By Josh White and William Branigin
Washington Post Staff Writers
Tuesday, April 22, 2008
Defense Secretary Robert M. Gates yesterday criticized the U.S. military services for not moving aggressively enough to provide critical resources to the battlefields in Iraq and Afghanistan, saying it has been "like pulling teeth" to get the Pentagon's conventional Cold War bureaucracy to adapt to the needs of current wars.
In speeches to student officers at Maxwell-Gunter Air Force Base in Alabama, and at the U.S. Military Academy at West Point, Gates challenged the future military leaders to think differently about the nature of war and to move beyond their comfort zones, encouraging innovative thinking and new approaches. He expressed frustration with navigating the Defense Department's tangled bureaucracy and said that some officers within the services are "stuck in old ways of doing business," causing warfighters to suffer.
"We can do and we should do more to meet the needs of men and women fighting in the current conflicts while their outcome may still be in doubt," Gates said. "My concern is that our services are still not moving aggressively in wartime to provide resources needed now on the battlefield."
In Alabama, Gates specifically noted his concern with the military's provision of unmanned aerial vehicles (UAVs) to Iraq and Afghanistan -- aircraft that provide commanders with critical intelligence about the battlefield, including real-time video images. Gates said that while the Air Force and Army have doubled aerial intelligence, surveillance and reconnaissance (ISR) capabilities in recent months, it is still not enough.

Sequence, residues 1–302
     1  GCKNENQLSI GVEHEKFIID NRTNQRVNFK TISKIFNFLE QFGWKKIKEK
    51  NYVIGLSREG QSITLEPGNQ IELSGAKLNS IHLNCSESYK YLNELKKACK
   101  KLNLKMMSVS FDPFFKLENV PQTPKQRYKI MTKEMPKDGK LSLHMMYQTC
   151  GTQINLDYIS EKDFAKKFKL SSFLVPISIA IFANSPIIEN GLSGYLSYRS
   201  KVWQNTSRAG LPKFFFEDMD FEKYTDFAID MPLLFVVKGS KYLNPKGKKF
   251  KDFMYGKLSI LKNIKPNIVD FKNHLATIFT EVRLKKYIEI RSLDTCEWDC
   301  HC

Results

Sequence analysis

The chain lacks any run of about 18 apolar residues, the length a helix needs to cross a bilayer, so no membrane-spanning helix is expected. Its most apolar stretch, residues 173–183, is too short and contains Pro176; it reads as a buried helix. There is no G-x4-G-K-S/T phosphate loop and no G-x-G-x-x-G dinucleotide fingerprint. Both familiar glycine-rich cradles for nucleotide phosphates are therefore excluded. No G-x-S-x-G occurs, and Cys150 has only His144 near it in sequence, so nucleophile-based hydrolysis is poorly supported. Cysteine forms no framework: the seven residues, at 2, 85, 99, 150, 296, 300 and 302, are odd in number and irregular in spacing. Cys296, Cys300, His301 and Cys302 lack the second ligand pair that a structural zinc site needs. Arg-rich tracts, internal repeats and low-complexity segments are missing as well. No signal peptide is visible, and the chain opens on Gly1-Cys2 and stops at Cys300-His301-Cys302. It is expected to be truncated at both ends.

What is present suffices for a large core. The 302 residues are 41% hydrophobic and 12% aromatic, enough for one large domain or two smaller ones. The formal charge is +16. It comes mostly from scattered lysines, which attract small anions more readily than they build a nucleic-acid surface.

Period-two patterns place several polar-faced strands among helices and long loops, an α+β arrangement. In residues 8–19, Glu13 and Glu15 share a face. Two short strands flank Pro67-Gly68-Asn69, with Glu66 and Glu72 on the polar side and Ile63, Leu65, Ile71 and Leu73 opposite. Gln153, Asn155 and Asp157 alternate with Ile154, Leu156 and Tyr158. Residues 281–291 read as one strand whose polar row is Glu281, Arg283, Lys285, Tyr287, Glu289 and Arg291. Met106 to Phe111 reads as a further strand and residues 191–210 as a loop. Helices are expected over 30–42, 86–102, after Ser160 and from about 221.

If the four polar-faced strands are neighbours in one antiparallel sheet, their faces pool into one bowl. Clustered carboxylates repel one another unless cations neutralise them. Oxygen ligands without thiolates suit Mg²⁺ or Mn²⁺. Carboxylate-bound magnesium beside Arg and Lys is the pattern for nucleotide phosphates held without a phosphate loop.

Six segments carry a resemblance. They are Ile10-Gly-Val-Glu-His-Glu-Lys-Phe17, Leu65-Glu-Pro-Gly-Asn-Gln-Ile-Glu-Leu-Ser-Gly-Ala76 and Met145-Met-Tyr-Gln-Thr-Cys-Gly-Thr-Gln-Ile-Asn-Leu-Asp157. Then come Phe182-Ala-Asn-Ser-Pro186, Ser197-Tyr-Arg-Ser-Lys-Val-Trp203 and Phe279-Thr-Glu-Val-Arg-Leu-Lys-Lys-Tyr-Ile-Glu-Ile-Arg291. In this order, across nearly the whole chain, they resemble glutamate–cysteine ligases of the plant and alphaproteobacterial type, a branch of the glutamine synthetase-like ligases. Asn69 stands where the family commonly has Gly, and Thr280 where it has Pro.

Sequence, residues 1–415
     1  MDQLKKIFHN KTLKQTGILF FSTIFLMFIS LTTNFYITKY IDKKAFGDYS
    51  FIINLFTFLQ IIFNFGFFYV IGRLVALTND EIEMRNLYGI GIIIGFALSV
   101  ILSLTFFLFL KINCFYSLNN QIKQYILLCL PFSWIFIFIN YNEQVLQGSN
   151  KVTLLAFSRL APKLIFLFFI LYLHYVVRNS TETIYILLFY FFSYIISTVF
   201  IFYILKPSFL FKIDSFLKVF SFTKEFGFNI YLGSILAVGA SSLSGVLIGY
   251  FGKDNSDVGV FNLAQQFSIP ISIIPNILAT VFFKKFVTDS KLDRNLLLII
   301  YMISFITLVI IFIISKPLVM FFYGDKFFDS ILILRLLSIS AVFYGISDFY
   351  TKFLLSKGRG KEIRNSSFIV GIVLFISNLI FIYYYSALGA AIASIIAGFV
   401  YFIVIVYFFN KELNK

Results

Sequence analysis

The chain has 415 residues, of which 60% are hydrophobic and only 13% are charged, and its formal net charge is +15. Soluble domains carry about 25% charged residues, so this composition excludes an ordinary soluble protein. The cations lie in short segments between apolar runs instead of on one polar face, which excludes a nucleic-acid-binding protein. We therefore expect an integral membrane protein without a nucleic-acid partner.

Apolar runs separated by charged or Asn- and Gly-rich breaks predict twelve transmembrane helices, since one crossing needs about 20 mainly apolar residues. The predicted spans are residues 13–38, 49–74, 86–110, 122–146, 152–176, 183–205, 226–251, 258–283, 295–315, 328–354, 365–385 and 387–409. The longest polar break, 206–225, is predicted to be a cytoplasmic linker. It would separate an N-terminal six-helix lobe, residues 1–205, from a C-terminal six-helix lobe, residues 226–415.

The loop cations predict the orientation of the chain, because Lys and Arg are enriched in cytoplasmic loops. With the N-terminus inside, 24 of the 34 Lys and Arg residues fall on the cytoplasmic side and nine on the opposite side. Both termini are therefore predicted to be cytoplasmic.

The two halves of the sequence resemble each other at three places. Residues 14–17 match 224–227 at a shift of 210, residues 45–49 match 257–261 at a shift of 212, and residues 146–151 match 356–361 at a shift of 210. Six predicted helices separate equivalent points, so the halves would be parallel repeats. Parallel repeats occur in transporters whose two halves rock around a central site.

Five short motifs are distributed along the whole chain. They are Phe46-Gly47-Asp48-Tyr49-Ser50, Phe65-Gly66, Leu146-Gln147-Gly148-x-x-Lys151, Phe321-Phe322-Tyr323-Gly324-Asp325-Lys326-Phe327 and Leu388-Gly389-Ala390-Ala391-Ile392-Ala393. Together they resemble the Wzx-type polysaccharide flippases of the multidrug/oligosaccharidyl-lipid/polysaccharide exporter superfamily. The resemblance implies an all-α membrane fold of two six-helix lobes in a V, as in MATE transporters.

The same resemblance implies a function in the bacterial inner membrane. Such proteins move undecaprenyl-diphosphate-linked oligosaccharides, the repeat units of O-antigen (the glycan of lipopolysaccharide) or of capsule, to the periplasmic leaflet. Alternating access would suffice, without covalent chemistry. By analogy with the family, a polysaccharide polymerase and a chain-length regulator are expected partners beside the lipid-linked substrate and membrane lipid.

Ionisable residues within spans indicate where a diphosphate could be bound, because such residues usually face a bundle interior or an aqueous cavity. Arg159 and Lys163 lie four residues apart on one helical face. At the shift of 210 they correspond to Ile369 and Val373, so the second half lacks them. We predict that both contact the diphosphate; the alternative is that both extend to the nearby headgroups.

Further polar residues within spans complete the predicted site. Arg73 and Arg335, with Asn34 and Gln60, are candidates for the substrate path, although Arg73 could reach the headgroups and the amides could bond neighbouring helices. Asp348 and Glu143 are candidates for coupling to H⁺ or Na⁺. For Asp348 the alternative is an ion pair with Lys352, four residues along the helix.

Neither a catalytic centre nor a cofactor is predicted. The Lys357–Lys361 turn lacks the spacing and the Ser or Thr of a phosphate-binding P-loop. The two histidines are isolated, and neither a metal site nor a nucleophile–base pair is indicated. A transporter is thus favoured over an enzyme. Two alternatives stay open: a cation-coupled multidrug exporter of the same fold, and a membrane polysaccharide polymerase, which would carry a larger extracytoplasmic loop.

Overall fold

Gates announced that he has formed a Pentagon-wide task force to examine the use of UAVs, a task force that is expected to look at pushing more aircraft out onto the battlefield over coming months. Defense officials said Gates wants to learn in a matter of days what can be done to respond to the critical need in the field.
There are more than 5,000 UAVs working in Iraq and Afghanistan, some providing round-the-clock coverage and with the capability to strike targets from far above the ground and without putting a pilot's life in danger.
Air Force commanders said yesterday that there has been a 275 percent increase in requests for full-motion video of the battlefield from 2007 to 2008, a ramp-up in demand that has not been met with supply. The Air Force is working to deploy new technology by the end of next year that will dramatically increase such capabilities.
"There's lot of frustration, and this frustration is over how do we get better at what we see as a really critical need that frankly no one saw coming years before," said Air Force Brig. Gen. Blair E. Hansen, director of ISR at Air Force Headquarters. "We've been really aggressive about this for a long time."
Pentagon Press Secretary Geoff Morrell said Gates wants to be able to look field commanders in the eye and tell them that they have been given everything the Pentagon can provide. Morrell said Gates wants to encourage more creative thinking to prepare for asymmetric conflicts in the future.
"For the good of the Air Force, for the good of the armed services and for the good of our country, I urge you to reject convention and careerism" and become more creative thinkers, Gates said in Alabama.